So while in my own “expedition” with the Rolex Explorer II, I was not taking it to extreme conditions, I did take it to what is a somewhat typical modern day traveling journey, including airports, business meetings, business outings, the gym, and also visiting the outdoors in a distant land. In all cases, what was great was the Rolex Explorer II never felt out of place.At the airport, the first step was to set the local and home time to PDT. As the plane took off and we got an indication of the time in Beijing, using the quick set feature on the hour hand, I simply pulled the crown and moved it forward about 8 timezones for the time in China. Interestingly, unlike many large countries, China has one timezone! It does not matter if you are in the east or western part of China, there is just one. Makes it easy for doing business, I suppose, though I imagine Chinese get a very different experience of time over the year depending on what side of the country they live on.A great thing about Rolex sports watches, especially modern versions, is that they tend to be multipurpose. That is, they fit well into both business and casual situations as well as the more sporty settings for which they were specifically designed. So during my month long visit, and with various meetings at all levels of the organization, I never had to use any other watch, really. The Rolex Explorer II fit in great.Its imposing 42mm all-brushed stainless steel case (water resistant to 100 meters) could be a minor issue if you needed to button up for a formal event, as it sits 12mm high on the wrist. However, that was never the case for me, and it fit great under all of my shirts, even when wearing a sports jacket in the cold grey late winter evenings of Beijing.Besides casual usages while visiting the vast city of Beijing, the occasion I had which most suited the Rolex Explorer II’s origin was when I took a half day trip to the Great Wall of China. First off, the Great Wall is nothing short of extraordinary, spanning miles and miles. The people of this great land constructed a 20-foot wide wall that serpentines the high mountains of northern China, helping separate it from centuries of Mongol invasions. It is commonly considered as one of the seven wonders of the world and for long the only man-made structure visible from outer space.Getting to the section of the Great Wall our visit meant taking a roller coaster-like small car that took us hundreds of feet into the mountain and into the Wall proper. Of course, once there, comes the fun part. Depending on your fitness level and the time before dawn, you can easily walk and climb this amazing structure for miles and miles. I challenged myself to at least get to four towers, which round trip would be about a hilly 10k. Heck, I had just completed a full Ironman less than a year ago, how bad could this be?Of course, the Rolex Explorer II was never the issue during my Wall trek, but rather my knees and my feet walking and climbing this amazing structure. Of course, I was also carrying my DSLR camera and made sure to stop, take a breathe, and take some pictures of the vast landscape. The weather was clear, so the view went on for miles. The white face of the Rolex Explorer II was never out of place. And I was very happy to use the 5mm easy link extension to relieve my wrist after a hard day hiking under the sun.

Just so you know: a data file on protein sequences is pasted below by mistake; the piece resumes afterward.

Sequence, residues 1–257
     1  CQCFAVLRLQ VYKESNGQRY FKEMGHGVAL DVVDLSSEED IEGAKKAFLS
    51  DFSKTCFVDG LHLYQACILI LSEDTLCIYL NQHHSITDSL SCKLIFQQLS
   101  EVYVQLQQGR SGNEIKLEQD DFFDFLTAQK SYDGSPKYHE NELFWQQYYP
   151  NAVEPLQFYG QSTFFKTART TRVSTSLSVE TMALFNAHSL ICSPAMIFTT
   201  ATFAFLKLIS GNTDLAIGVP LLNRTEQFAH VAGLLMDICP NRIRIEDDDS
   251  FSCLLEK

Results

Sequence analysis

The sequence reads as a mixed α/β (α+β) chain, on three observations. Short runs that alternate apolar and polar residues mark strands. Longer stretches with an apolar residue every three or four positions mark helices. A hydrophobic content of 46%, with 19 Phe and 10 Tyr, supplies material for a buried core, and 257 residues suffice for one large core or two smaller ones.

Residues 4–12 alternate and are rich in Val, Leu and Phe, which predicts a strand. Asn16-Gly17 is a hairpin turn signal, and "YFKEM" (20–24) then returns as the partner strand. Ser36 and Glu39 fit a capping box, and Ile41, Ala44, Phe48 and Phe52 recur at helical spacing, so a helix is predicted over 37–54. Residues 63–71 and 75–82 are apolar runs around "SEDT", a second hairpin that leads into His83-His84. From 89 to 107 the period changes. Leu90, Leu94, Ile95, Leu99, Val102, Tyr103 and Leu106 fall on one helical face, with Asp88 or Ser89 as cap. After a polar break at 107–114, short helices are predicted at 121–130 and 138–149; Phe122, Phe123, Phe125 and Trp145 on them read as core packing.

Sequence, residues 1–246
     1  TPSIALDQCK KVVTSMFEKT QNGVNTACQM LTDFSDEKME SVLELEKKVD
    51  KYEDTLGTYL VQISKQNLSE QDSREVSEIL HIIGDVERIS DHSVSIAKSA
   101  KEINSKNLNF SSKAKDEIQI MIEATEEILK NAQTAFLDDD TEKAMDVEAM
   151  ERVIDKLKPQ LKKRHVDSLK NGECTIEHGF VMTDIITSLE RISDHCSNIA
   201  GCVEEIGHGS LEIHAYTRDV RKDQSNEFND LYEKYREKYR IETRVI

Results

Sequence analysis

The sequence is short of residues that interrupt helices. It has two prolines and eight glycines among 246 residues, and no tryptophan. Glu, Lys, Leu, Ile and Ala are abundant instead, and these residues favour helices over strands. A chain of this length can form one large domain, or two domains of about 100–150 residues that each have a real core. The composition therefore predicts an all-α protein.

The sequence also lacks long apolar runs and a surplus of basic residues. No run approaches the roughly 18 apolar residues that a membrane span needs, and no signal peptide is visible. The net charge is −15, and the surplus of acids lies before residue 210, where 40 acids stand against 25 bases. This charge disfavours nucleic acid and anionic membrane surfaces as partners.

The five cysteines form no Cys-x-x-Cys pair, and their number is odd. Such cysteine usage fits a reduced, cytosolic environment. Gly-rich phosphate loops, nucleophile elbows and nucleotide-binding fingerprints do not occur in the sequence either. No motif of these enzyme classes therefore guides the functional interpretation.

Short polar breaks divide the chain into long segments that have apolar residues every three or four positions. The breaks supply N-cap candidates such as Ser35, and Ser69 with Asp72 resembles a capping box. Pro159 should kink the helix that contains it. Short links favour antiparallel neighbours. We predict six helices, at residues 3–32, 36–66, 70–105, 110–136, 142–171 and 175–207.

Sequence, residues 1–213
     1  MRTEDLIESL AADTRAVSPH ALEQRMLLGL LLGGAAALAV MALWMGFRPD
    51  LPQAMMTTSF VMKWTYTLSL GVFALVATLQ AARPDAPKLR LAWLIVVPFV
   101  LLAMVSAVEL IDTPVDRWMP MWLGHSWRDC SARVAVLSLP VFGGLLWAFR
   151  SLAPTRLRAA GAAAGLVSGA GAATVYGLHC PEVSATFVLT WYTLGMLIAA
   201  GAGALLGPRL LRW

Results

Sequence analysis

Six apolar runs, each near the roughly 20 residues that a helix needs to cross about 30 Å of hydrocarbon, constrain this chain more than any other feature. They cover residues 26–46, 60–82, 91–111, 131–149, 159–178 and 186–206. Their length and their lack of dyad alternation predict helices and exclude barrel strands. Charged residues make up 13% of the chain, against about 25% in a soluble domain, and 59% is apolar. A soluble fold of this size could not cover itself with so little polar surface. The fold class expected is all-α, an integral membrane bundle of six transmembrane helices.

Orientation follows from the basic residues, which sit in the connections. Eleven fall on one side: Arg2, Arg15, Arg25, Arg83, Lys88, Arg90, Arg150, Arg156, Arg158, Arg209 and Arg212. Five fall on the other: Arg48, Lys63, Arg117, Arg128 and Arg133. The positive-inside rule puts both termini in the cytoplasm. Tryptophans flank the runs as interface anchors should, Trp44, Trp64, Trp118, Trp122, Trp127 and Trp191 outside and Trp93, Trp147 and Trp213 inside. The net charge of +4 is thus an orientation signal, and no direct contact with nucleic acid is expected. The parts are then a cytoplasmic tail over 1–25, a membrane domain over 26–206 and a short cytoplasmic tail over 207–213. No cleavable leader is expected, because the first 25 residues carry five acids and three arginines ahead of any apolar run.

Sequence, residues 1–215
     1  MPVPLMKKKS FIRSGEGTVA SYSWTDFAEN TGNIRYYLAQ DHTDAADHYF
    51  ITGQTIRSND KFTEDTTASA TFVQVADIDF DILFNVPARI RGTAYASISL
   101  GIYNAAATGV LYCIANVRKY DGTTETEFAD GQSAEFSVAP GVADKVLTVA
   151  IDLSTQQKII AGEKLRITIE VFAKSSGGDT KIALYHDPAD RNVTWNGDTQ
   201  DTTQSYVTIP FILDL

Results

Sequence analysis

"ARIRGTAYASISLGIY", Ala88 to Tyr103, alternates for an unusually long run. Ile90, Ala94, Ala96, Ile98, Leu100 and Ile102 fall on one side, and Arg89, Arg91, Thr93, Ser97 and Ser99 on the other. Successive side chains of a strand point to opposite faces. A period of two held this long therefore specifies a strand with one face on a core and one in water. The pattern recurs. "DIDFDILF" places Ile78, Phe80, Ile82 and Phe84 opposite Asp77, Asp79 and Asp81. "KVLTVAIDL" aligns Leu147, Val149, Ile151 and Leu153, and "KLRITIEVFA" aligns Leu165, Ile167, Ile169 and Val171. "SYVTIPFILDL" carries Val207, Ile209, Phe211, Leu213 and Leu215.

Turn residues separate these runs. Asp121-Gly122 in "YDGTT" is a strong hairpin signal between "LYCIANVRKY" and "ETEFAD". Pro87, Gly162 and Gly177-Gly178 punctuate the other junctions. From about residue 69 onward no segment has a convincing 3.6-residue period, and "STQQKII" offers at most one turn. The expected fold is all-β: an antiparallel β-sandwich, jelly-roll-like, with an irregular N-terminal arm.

Like many of the modern Rolex sports watches, the Rolex Explorer II 216570 comes with the modern Oyster bracelet fully brushed (just like the Submariner), and it is just plain comfortable and screams high quality. The Rolex bracelets are, just like any genuinely well engineered bracelet, adjustable with screws where one can remove full links or half links. Also, the bracelet tapers from 21mm at the lugs to 17mm at the oyster clasp, thereby resulting in a highly wearable 42mm watch. The clasp includes the protective Rolex Oyster lock, but unlike the Submariner, there are no quick adjustments except for the 5mm oyster link which I mentioned makes it easy to extend or reduce the bracelet by 5mm during the day as your wrist expands and contracts.The Rolex Explorer II comes fitted with the Rolex 3187 caliber which I found to be super accurate (as it is COSC chronometer certified, like all Rolex calibers) and easy to use. It also contains Rolex’s Paraflex system which helps improve the watch’s resistance to shocks, as well as the brand’s Parachrom anti-magnetic hairspring so as to render the movement more resistant to magnetic fields. The quick hour adjust works like a charm, and the date can be advanced forward using this feature. The large orange GMT hand is easily visible and points brilliantly to the black 24-hour markers on the bezel.The Rolex “Mercedes” hour hand (originally designed to appear totally different to the minute hand for easy legibility) and the minutes hand are larger, bolder than their counterparts on the Submariner or GMT Master II. Also, here they are outlined in black paint and filled with blue Chromalight, whereas on other Rolex models, they tend to be done in 18k white gold. The look is pretty unique to the Rolex Explorer II in Rolex’s line up and has acquired the moniker of “maxi-hands” from collectors. The rest of the dial is in the iconic white “polar” color with cardinal markers and hour markers (round), also with a black painted outline, completing the unique – and uniquely legible – maxi-dial.While clearly remaining a Rolex with the classic oyster case, the cyclops on the crystal, and the famous Rolex dial, this model is less common than the Submariner and GMT Master II, easily making it the more interesting Rolex if you want a solid sports watch from the famous brand – and hence it is one that you will more rarely see anyone else wearing during the day. As a matter of fact, during my entire time traveling to China, I only spotted one other person wearing a Rolex Explorer II (black dial), though I spotted countless other Rolex sports watches.